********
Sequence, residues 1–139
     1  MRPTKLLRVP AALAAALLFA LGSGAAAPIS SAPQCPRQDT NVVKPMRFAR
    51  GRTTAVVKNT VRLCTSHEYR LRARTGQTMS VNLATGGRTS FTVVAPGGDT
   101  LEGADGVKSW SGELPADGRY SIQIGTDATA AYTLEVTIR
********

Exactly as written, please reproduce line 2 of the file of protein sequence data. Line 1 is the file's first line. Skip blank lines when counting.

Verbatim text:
     1  MRPTKLLRVP AALAAALLFA LGSGAAAPIS SAPQCPRQDT NVVKPMRFAR